I spent four days last week at the Escape to the Lake music conference in northern Indiana. Every year, I discover afresh how needed and how wonderful this gathering is. The efficacy of the conference was in question this year, what with a new venue (which worked out beautifully) and a new time, along with major changes currently going on at Under the Radar, the organization producing the event. It went off without a hitch, however, and what hiccups there were seemed to play into the conference instead of working against it. This was my third year, and I’m always struck by the degree of healing offered through this congregation of musicians and listeners.
Healing comes in strange ways, and it’s difficult to pin down. You have to be paying close attention to notice it. I had been working for months with little to show for it. Half a record accomplished, a novel pacing through the drudgery of revision, a half-finished painting awaiting my free time, several poems languishing in draft form—I’m very good at doing half of something. Thus, every time new music or writing comes out, I have a little one-sided conversation with my demons in which I remind myself how much I have not accomplished. Enter: Escape to the Lake, a gathering of many people in the midst of the creative process. The week is one part summer camp for all ages, one part music conference, all parts church. Something good is bound to happen in such a mix.
Remember that scene in Finding Nemo, in which Dory and Marlin are poised over a shadowy chasm, having lost the key to finding Marlin’s son?
DORY: Hey Mr. Grumpy Gills! When life gets you down, you wanna know what you gotta do? MARLIN: I don’t wanna know what you gotta do. DORY: (singing) Just keep swimming, just keep swimming…
I crack up every single time at Marlin’s attitude. He’s as sardonic as Jerry Seinfeld, and anybody who dares to be optimistic better prepare for blistering sarcasm. Yet Dory keeps it up with her great attitude, likely due in part to her short term memory loss—um, spoiler alert, in case you haven’t seen Finding Nemo and are living under a black hole somewhere. As irritated as Marlin gets, he does just that: he keeps swimming.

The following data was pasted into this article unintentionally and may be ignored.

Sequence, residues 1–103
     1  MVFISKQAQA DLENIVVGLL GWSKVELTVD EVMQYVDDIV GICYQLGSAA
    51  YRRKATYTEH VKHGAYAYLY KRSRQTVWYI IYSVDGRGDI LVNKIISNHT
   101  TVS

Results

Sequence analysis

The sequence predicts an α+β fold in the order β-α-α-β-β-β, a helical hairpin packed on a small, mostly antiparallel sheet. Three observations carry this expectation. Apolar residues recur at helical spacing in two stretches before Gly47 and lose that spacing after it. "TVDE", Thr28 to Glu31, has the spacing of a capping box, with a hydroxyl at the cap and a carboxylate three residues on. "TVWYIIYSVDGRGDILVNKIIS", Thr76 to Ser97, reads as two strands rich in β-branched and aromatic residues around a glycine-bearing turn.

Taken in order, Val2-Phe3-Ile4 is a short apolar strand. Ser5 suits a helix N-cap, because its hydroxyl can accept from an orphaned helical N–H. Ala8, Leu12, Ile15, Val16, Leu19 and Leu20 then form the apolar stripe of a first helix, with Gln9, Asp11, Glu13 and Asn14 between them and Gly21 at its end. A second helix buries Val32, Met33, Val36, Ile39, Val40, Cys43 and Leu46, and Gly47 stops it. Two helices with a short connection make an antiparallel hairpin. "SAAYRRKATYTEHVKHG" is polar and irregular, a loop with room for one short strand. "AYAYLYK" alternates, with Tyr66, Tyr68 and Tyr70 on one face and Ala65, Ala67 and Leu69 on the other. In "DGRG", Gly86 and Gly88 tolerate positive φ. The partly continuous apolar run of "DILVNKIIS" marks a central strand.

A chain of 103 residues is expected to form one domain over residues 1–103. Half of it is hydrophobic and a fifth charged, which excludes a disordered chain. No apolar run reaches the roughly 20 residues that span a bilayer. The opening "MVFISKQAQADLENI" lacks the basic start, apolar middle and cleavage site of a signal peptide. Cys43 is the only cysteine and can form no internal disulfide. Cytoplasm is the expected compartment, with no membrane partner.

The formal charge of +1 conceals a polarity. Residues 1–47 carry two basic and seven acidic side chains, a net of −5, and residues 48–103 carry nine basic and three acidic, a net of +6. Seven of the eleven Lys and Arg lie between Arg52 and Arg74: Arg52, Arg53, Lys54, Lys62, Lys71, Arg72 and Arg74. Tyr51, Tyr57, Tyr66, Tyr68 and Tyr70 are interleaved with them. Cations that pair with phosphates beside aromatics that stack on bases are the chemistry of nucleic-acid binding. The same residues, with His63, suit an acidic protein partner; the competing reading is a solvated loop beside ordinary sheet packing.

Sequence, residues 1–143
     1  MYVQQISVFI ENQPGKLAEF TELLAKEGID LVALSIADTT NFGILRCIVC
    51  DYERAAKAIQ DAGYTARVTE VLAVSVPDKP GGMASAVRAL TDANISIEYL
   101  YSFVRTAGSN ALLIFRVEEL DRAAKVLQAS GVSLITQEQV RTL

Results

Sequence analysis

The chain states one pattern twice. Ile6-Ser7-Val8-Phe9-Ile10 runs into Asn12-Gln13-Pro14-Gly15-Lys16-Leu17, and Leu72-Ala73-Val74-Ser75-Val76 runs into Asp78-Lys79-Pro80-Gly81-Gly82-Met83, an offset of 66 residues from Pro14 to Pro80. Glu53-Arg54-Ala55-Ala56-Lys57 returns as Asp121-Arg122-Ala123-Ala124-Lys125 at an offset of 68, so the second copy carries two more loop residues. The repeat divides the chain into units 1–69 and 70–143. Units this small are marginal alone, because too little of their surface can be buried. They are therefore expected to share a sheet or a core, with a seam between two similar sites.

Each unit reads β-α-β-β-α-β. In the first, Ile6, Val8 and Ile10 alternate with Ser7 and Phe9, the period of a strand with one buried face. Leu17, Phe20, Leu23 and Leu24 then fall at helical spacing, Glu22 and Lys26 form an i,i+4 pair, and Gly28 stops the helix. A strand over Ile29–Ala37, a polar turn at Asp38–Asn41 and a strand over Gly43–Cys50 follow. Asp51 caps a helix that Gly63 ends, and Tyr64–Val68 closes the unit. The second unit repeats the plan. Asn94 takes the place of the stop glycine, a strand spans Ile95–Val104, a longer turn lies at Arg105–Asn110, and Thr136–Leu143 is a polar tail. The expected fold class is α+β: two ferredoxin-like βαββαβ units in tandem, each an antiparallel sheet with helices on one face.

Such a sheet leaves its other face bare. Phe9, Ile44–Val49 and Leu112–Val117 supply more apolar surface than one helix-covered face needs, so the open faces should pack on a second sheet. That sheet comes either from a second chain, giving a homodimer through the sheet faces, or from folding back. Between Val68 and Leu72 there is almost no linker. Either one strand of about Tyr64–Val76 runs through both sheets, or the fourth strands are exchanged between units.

Like many others, I went to Escape to the Lake with baggage. The administrative side of the arts can be soul-sucking. Sending emails off into the bleak and apathetic ether, facing bills that deride one’s monthly royalty check, waiting for the phone to ring and somehow change one’s life—it’s all rather absurd, and we only do it to get a chance at doing what we really love. I took along my difficulties and immersed them in creative community.
Yet the problems of others far outweighed mine. Family struggles, depression, and disbelief were common themes in personal stories I heard. A good friend’s brother was actually lost at sea while we were there, a fact made weightier as I listened to Nick Flora sing “Lost at Sea” (Take heart, he was found later!).
You might think that a bunch of people with common neuroses and like struggles would only compound their problems by hanging out together, but the opposite is true. Through the work of the Spirit, they find empathy and goodness. Several times I saw or heard of people breaking down crying as they discovered strange catharsis in the midst of deep sadness. As the music brought down people’s defenses, they found healing in sharing their troubles with one another.
Now, don’t hear me say that such medicine is a guarantee. Beauty, truth, and goodness are rarely, if ever, formulaic. If you go to church, you’re not promised some sort of spiritual magic pill. The Church is promised redemption, and redemption is usually messy. I think our reception of healing is dependent on our openness to it. Like Uncle Andrew in The Magician’s Nephew, sometimes we limit our ability to accept blessings. Being amongst such a concentration of wonder and delight as Escape to the Lake, however, it doesn’t take much to bring down the walls of the heart and let beauty in to do its work.
As for me, it was good to see my friends. I am guilty of crafting hagiography—that is, the glowing writing surrounding the lives of saints—around my compatriots. After all, I tend to see their success at the forefront. That’s by design, because most people are edified not by seeing the eighty-five percent of creativity that is bleak labor, but by seeing the resulting successes. However, if you’re part of the crew that lives with that eighty-five percent, seeing other people go through it with you provides a world of comfort.
To be sure, that doesn’t detract from my friends’ success. It puts their victories in the proper place. Hagiography does not break down in the light of reality; it finds much-needed context. Every time a new record is released, I can remember the patient toil it took to craft it. Every time a new painting appears on the merch table, I can imagine the days and weeks of working in the middle of attendant familial difficulties and financial woes. In short, I get to have friends again, and not just heroes. With that in mind, I find the strength to keep swimming.
You can learn more about Under the Radar, including how to support their much-needed ministry at Radarradio.net.